CASPER, Wyo. — Cities and towns in Wyoming currently have the option of joining the state’s health insurance pool to provide coverage to their employees.
Casper, for example, is set to join the state’s pool in January. But a bill that will come before the Wyoming Legislature in spring 2020 would prevent municipalities from joining the state pool.
The bill may put Casper in a position where the city would need to return to a self-funded health insurance model.
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“No political subdivision other than a school district or board of cooperative educational services shall be eligible to elect to initially participate in the Wyoming state employees’ and officials’ group insurance plan on or after April 1, 2020,” the proposed bill reads. “Any political subdivision other than a school district or board of cooperative educational services which is participating in the plan prior to April 1, 2020 shall not be eligible to renew participation in the plan after the expiration of the political subdivision’s initial participation period.”
Casper decided to join the state’s pool after learning that was an option available to them.
“While a recent Wyoming Attorney General’s opinion interpreted current Wyoming statute to allow cities, towns, and counties as political subdivisions to be eligible to join the State group insurance plan, Employees’ Group Insurance (EGI) has not requested or received any spending authority budget changes for the 2021-22 biennium budget,” a fiscal note on the proposed legislation reads. “Cities, towns and counties that participate in the EGI plan would be required to pay the same premiums as other entities currently covered by the EGI plan to cover their administrative and claims costs.”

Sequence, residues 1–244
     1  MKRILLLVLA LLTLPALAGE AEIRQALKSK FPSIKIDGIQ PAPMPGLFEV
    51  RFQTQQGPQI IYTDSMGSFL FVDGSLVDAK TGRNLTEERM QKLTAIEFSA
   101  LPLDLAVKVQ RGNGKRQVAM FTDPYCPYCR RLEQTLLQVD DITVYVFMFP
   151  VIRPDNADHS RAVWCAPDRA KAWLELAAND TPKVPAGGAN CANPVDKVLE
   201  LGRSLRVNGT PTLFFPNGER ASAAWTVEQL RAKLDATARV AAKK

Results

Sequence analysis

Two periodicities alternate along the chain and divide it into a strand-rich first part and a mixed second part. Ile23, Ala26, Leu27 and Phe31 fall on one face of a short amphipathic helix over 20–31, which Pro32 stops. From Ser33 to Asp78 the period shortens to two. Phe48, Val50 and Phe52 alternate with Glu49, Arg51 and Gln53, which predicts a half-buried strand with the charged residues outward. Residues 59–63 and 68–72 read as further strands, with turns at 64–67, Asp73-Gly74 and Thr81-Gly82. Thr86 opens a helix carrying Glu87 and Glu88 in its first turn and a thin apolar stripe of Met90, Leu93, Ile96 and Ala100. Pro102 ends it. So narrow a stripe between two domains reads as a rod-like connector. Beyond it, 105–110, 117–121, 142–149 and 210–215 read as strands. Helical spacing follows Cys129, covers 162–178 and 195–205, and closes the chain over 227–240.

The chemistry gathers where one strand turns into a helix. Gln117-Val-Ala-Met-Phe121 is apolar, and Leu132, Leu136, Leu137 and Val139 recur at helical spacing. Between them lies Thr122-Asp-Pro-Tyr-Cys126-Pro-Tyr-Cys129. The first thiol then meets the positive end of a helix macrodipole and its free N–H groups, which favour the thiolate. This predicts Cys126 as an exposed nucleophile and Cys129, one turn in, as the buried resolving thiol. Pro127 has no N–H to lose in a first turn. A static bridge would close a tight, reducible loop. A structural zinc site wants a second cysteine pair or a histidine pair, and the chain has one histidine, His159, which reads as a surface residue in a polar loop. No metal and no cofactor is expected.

“While one political subdivision has elected to enroll on January 1, 2020, no premiums have been collected and no claims have been paid as of December 2019. This bill would keep EGI’s spending authority at current levels, prior to the addition of political subdivisions.”
Members of the Casper City Council have said that a larger pool of participants in a health insurance pool should keep that system more affordable.
Joining a larger pool was one of the reasons why the city council decided in August to have Casper join the state’s health fund.
Casper’s employees will get a one-time bonus payment of $250 to help cover the cost of having to pay for both City of Casper and State of Wyoming health insurance premiums in December.
City Manager Carter Napier explained ahead of the council’s last meeting that their coverage under the state system goes into effect in January, but that the state requires employees pay premiums for the month prior.
The proposed legislation is sponsered by the legislature’s Joint Corporations, Elections & Political Subdivisions Interim Committee.